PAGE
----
Area Forecast Discussion
Issued by NWS Portland, ME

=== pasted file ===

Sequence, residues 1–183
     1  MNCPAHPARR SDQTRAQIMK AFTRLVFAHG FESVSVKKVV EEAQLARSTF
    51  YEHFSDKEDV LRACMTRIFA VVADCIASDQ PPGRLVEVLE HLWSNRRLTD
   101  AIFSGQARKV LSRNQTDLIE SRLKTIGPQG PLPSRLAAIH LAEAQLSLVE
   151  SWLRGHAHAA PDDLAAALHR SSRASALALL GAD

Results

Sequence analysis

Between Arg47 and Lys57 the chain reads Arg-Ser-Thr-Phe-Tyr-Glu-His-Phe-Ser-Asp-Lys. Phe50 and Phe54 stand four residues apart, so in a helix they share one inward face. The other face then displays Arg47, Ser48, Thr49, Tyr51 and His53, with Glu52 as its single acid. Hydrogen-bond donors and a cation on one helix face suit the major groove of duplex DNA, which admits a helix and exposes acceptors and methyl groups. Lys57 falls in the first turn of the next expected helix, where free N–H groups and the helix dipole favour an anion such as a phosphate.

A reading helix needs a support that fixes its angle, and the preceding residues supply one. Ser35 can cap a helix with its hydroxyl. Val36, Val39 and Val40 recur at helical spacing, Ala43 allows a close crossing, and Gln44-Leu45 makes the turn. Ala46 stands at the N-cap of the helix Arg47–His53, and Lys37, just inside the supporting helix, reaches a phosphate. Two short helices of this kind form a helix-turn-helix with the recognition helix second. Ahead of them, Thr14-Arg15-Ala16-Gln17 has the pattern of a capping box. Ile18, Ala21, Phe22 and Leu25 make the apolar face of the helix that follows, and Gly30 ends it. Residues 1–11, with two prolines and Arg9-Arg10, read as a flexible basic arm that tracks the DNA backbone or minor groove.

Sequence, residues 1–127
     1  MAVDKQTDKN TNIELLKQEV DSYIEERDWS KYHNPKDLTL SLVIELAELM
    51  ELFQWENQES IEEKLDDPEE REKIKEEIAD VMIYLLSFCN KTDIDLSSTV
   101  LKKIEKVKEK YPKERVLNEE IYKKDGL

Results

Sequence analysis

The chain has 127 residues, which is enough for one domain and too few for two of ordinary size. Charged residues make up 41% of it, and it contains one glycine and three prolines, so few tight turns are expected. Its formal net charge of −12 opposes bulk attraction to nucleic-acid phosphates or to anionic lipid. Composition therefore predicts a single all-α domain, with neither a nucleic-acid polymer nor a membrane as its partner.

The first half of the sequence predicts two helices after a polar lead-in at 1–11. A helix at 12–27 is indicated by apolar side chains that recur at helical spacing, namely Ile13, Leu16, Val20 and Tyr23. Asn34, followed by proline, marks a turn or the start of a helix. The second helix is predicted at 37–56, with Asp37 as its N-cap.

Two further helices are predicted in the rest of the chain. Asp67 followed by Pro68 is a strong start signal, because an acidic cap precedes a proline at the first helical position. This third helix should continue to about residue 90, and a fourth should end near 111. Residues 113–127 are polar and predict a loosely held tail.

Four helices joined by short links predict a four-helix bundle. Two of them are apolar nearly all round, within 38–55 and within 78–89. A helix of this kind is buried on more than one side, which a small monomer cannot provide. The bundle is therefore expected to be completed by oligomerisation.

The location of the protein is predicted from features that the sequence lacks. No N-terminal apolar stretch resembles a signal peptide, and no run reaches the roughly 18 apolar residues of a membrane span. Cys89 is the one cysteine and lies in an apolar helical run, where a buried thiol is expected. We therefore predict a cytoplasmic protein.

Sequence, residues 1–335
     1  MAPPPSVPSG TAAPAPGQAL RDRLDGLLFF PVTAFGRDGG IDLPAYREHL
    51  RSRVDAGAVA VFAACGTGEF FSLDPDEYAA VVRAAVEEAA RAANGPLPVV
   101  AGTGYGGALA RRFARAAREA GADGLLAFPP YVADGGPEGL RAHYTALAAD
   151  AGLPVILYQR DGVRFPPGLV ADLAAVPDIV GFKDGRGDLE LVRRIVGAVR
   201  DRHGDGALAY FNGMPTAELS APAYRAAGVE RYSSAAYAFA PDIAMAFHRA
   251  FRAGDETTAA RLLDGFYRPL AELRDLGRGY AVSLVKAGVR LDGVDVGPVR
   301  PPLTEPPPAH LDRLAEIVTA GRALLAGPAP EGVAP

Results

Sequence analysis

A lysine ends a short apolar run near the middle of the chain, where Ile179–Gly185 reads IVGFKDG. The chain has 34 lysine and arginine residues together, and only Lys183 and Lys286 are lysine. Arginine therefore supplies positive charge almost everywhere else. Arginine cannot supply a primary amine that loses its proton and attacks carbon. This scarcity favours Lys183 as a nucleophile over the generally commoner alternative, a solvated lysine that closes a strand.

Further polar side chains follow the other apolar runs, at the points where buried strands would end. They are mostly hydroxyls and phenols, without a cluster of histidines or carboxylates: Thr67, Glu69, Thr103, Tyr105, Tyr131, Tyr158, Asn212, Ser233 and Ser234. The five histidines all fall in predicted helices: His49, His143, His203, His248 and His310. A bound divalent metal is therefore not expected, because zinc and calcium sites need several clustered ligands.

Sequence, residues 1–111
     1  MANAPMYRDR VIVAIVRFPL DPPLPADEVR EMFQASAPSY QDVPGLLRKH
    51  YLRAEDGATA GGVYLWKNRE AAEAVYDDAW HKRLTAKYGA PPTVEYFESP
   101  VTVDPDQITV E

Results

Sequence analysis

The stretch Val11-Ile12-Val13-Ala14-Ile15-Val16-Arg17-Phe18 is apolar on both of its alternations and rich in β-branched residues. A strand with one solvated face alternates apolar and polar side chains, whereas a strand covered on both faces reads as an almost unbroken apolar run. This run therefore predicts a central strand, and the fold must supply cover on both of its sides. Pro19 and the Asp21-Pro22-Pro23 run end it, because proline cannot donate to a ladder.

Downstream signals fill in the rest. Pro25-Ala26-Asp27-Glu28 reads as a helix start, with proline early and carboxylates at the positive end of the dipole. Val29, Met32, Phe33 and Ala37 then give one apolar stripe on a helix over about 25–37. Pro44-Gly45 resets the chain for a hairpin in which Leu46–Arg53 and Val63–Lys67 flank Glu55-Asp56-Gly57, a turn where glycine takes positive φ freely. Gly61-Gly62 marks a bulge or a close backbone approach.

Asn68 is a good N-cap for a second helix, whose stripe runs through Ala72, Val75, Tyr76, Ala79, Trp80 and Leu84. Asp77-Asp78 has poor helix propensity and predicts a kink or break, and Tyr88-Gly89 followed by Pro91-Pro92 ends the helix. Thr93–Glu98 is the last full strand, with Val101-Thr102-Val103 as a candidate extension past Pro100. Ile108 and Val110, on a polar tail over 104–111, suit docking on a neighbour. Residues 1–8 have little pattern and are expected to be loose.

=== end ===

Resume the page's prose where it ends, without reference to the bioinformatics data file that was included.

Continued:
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028 FXUS61 KGYX 280729 AFDGYX Area Forecast Discussion National Weather Service Gray ME 329 AM EDT Wed Jun 28 2017 .SYNOPSIS... A trough of low pressure will move offshore this afternoon with a few showers possible across the interior and mid coast. A warm front will approach on Thursday and bring increasing chances of rain during the afternoon and and especially the nighttime hours. Another low pressure system may affect the region on Saturday and possibly Sunday with more showers and thunderstorms. && .NEAR TERM /UNTIL 6 PM THIS EVENING/... An upper level trough will gradually move east today with heights beginning to rise. Even still, the air aloft will be anomalously cold which will aid in some surface based instability. A few showers and isolated thunderstorms should develop around or after midday - mainly across western/northern NH and the mid coast of Maine. Severe weather is not expected today and thunderstorm coverage is expected to be much less than yesterday. Most locations in the forecast area will likely remain dry. The best chance may very well be in Coos County NH and portions of the western ME mountains between 21z and 00z as a subtle short wave trough approaches in the mean NW flow aloft. In the meantime, some early morning patchy dense fog in spots is expected to burn off after sunrise. && .SHORT TERM /6 PM THIS EVENING THROUGH 6 PM THURSDAY/... Any lingering showers/isold storms should dissipate quickly around 00z. Otherwise, we expect a pleasant night with temperatures dropping into the 50s - with some 40s at the better radiators well inland. A cold front will sharpen up and approach from the southwest on Thursday. Clouds will increase during the morning hours with light rain likely developing across western NH around midday or a bit later. This will spread eastward to adjacent western ME by early evening. Southernmost NH may remain dry for the entire day as the forcing for ascent remains just north of Cheshire and Hillsborough Counties. && .LONG TERM /THURSDAY NIGHT THROUGH TUESDAY/... The forecast period begins with a fairly zonal upper level flow with a series of weak short waves helping to touch off showers. By Saturday a deeper trough has developed over the Great Lakes. This trough and accompanying surface cold front will move through the area on Sunday making way for high pressure to start next week. Friday will see a warm front draped across the forecast area. It will be hot a muggy with dew points in the mid 60s and high temperatures reaching the upper 80s across the southern portion of the area. Showers and thunderstorms will continue through the day. Expect there to be an east west oriented axis of heavier precipitation however still quite a bit of uncertainty of the exact placement within the region so have just gone with a generally equal PoP. The warm front begins to pull to the north on Friday night leaving our area firmly in the warm sector for Saturday. With temperatures in the 90s and dewpoints approaching 70 in the south the heat index will approach 95 in southern New Hampshire. This stifling heat and humidity will be perfect for thunderstorms and expect widespread storms in the afternoon as CAPE climbs. While there will be lots of instability there will not be as much shear for severe storms. 40kts or so at the tropopause will support thunderstorms but the larger concern will be heavy rain. Precipitable water values will also reach near maximum values for the date and storms would be slow to move without any fast jet or major forcing over head. Sunday a cold front will cross the region setting off yet another round of thunderstorms. Here the storms will be more focused along the front and a few severe winds gusts are possible. Monday and Tuesday high pressure builds back into the region with clearing skies and decreasing humidity. Highs will be near 80 for the 4th of July. Water temperatures offshore remain in the low to mid 50s and with the popular holiday weekend a beach hazard statement may need to be considered with the hypothermia risk continuing. && .AVIATION /07Z WEDNESDAY THROUGH SUNDAY/... Short Term...Patchy valley fog will burn off most locations by 13z this morning. Otherwise we expect VFR conditions today with some more patchy valley fog later tonight. A few hit or miss showers are expected this afternoon, but coverage is expected to be minimal. Long Term... Showers and thunderstorms will continue through the weekend. Brief periods of heavy rain and thunder will impact all terminals. Friday in the north will see more widespread MVFR ceilings while Saturday expect scattered convection to influence all locations. && .MARINE... Short Term...Small craft conditions are not expected today through Thursday. Long Term... Building seas with wind gusts to near 25kts in south westerly flow will likely necessitate a small craft advisory for Friday into Saturday. Seas will subside for the end of the weekend and start of next week. && .GYX WATCHES/WARNINGS/ADVISORIES... ME...None. NH...None. MARINE...None. && $$ NEAR TERM...Ekster SHORT TERM...Ekster LONG TERM...Curtis is the U.S. government's official web portal to all federal, state and local government web resources and services.